Figure 6:

Right L4-L5 Transforaminal Endoscopic view after decompression demonstrating the dorsal and ventral margins of the (a) Rt L5 nerve root delineated with dotted line. (b) Annulus fibrosus.



Cytological examination of aspirated fluid from the discal pseudocysts reveals the predominant presence of serous fluid, sparse erythrocytes, and the absence of epithelial cells.


The patient was reviewed in the outpatient department at two weeks, six weeks, and three months. Good healing of the surgical wound and a total absence of pain symptoms were noted. The postoperative MRI scan does not demonstrate any residual compressive element [ Figures 7 and 8 ].

Figure 7:

Postoperative T2-weighted axial Magnetic resonance imaging demonstrating the decompression at (a) L4 lower-end plate, (b) upper discal margin, (c) mid-discal level, and (d) lower discal margin.


Figure 8:

Postoperative T2-weighted sagittal magnetic resonance imaging demonstrating the decompression.



Lumbar discal pseudocysts, a rare but clinically significant complication of spine surgery, have gained recognition in recent years for their potential to cause persistent pain and neurologic deficits in postoperative patients. The clinical symptoms result from the mass effect produced by the growth of the pseudocyst, mimicking that of a recurring disc extrusion.

The precise pathogenesis of postoperative discal pseudocysts (PDP) remains undetermined; however, the existing literature posits three primary hypotheses to elucidate this phenomenon: response to epidural hematoma, pseudomembrane formation after local annulus fibrosus tear and disc degeneration; and inflammatory response to protruding nucleus pulposus. The epidural hematoma hypothesis by Chiba et al. states that epidural venous plexus hemorrhage followed by reactive inflammation leads to cyst formation. Hemosiderin deposits found in the cyst wall support this hypothesis.[ 2 ] However, if the cyst is the result of an epidural blood vessel rupture rather than an annulus fibrosus tear, there should be no communication between the disc and the cyst. According to the reactive pseudomembrane theory proposed by Kono et al., the local disc degenerates, and fluid leaks into the epidural space, causing an inflammatory reaction and, finally, the formation of a pseudomembrane.[ 8 ] Chung et al. assumed that the axial load pumps the liquid and blood of the mildly degenerated intervertebral disc through the annulus fibrosus fissure to the posterior space, resulting in a pseudocyst.[ 3 ]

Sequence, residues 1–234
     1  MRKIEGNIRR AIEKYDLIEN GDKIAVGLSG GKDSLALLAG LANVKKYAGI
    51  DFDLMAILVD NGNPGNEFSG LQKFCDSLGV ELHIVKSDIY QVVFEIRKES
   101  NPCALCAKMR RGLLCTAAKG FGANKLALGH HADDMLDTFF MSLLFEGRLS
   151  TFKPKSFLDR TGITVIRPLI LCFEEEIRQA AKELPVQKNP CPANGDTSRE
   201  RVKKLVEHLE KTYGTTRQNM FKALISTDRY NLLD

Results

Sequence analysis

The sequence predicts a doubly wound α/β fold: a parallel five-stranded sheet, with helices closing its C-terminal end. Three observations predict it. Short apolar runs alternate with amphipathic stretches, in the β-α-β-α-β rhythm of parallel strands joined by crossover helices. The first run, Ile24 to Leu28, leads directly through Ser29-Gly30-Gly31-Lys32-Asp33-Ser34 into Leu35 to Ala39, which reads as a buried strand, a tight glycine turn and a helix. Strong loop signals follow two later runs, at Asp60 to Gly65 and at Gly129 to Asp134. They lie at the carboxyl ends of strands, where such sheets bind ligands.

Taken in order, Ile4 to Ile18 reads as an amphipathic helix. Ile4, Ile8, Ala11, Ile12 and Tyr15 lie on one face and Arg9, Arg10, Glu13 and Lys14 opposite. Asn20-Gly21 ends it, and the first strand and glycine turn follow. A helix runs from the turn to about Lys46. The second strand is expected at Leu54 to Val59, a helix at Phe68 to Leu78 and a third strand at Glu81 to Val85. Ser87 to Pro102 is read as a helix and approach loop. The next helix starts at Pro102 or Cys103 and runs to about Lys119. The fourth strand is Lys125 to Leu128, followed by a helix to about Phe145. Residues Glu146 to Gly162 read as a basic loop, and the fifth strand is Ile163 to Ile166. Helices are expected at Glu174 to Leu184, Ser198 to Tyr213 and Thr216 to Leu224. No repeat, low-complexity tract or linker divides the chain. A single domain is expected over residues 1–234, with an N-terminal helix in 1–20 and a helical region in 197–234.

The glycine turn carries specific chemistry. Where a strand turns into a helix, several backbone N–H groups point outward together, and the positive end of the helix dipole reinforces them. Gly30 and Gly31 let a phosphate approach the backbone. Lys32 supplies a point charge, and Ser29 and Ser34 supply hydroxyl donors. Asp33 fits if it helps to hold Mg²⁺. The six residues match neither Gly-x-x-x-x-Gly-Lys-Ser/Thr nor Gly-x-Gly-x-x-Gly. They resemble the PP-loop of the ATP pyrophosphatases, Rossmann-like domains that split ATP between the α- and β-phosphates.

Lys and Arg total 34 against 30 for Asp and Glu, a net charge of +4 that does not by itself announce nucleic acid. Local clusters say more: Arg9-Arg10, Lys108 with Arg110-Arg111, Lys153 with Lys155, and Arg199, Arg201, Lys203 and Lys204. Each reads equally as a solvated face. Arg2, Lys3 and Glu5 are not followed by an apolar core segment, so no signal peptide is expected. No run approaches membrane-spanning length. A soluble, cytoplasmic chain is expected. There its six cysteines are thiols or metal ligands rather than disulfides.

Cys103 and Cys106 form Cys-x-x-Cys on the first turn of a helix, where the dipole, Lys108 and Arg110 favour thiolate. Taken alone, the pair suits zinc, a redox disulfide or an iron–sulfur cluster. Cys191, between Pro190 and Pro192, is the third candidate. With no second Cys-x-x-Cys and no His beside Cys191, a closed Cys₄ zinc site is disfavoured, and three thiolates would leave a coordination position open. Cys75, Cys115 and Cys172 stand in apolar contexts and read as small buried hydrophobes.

The difference between PDP and intervertebral disc cysts is that the cyst wall of PDP is incomplete, hence the name “pseudocyst.” Histologically, the wall of PDP mainly consists of dense fibrous connective tissue without epithelial lining, with serous or mucinous fluid inside.[ 1 ] In our case, the histopathology of the cyst wall showed fibrous tissue hyperplasia and local glassy changes, which supports the third hypothesis by Chung et al.[ 3 ]